In terms of failure, this is crucial to both games and learning. We all know that we learn some of our most valuable and important lessons from our failures, and develop the grit to bounce back and try again. But failure isn't necessarily encouraged in educational settings. Instead, we're mostly rewarded for getting things right. Granted, games also reward players for getting things right, but they do so by allowing players to make mistakes, to experiment and fail on our way to getting it right. Games reward players for trying different things, pushing at the system of the game, and succeeding as we figure things out.

This leads me to thinking about doubt. How we have to work to understand, and how it's an on-going process and journey, where the journey is as important (or even more important) than the destination. This is true in both games and learning, but again educational settings don't often encourage uncertainty and doubt, while a good game requires that we question our strategies and try something different. I'm reminded of the Chinese Proverb, "To be uncertain is to be uncomfortable, but to be certain is to be ridiculous." Games challenge us to look anew and try again.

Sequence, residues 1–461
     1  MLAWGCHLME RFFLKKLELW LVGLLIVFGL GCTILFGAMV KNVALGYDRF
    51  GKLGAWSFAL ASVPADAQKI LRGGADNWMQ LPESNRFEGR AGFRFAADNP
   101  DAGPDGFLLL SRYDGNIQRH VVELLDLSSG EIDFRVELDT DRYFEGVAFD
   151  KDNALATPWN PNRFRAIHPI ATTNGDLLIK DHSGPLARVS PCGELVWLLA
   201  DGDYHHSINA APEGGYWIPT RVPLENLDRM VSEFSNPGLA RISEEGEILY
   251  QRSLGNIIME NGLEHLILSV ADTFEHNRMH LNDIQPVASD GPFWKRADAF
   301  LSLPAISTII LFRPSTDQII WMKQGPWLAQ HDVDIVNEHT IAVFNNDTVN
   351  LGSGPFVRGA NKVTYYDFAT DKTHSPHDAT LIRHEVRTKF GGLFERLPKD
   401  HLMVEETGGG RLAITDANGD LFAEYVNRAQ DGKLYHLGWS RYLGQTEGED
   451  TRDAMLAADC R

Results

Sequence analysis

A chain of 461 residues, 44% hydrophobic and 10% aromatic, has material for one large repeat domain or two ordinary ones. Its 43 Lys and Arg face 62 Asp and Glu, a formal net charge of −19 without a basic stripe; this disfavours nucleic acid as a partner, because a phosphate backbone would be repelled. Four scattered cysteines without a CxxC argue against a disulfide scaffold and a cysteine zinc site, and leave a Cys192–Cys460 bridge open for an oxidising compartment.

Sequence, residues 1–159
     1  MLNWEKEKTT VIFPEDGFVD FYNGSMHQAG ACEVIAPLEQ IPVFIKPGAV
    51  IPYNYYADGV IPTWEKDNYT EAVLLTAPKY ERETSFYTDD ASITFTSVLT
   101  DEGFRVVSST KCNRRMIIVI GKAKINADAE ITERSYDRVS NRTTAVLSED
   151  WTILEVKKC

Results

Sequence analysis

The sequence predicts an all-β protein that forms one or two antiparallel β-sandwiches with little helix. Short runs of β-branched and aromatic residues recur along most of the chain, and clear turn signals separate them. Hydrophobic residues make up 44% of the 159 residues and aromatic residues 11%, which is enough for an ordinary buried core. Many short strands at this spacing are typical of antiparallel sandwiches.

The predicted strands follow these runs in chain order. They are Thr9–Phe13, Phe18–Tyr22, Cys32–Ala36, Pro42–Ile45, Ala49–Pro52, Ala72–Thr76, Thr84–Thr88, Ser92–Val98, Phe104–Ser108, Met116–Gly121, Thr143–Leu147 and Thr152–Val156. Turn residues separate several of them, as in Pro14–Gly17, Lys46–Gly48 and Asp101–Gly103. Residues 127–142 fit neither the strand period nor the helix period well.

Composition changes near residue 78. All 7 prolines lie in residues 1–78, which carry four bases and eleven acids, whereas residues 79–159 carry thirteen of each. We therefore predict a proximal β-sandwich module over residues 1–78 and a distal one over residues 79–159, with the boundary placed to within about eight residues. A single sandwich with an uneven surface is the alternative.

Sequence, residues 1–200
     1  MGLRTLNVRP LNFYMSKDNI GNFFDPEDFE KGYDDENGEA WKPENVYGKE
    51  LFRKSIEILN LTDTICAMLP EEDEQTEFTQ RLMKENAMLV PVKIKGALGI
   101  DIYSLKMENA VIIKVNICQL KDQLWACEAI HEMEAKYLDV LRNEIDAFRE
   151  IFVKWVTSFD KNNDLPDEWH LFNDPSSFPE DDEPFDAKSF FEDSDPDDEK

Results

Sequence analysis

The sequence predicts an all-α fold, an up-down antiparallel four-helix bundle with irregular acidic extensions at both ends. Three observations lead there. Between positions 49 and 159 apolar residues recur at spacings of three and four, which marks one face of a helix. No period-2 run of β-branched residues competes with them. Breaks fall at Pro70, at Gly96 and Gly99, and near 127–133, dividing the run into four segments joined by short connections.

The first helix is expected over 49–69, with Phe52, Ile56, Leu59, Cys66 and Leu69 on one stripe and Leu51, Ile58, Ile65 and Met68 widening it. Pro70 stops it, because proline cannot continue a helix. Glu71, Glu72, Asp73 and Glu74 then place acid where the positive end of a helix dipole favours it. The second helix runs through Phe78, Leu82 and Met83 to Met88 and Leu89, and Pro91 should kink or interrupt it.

As such, games reward our curiosity. As we tackle the challenges in the game, we're engaging in problem-based learning, pushing at the system of the game to figure it out. Now, I'm not saying that educational settings just squash curiosity (although some might), but games encourage it to a great degree. As players gain a mastery of playing games, we begin to push at the boundaries of games. Constance Steinkuehler has noted how players engage in the scientific method to test out their various ideas and see which ones work the best.

And we find bugs, loopholes and easter eggs, and we can share our discoveries through extensive walkthroughs, FAQs and even mods of games. From a certain perspective this could be considered a form of cheating, which isn't necessarily rewarded in educational settings, but from another perspective this is a form of literacy and mastery. Players not only rise to the challenge of playing games, we begin to design and develop our own games, which is a whole new level of challenge, difficulty and reward.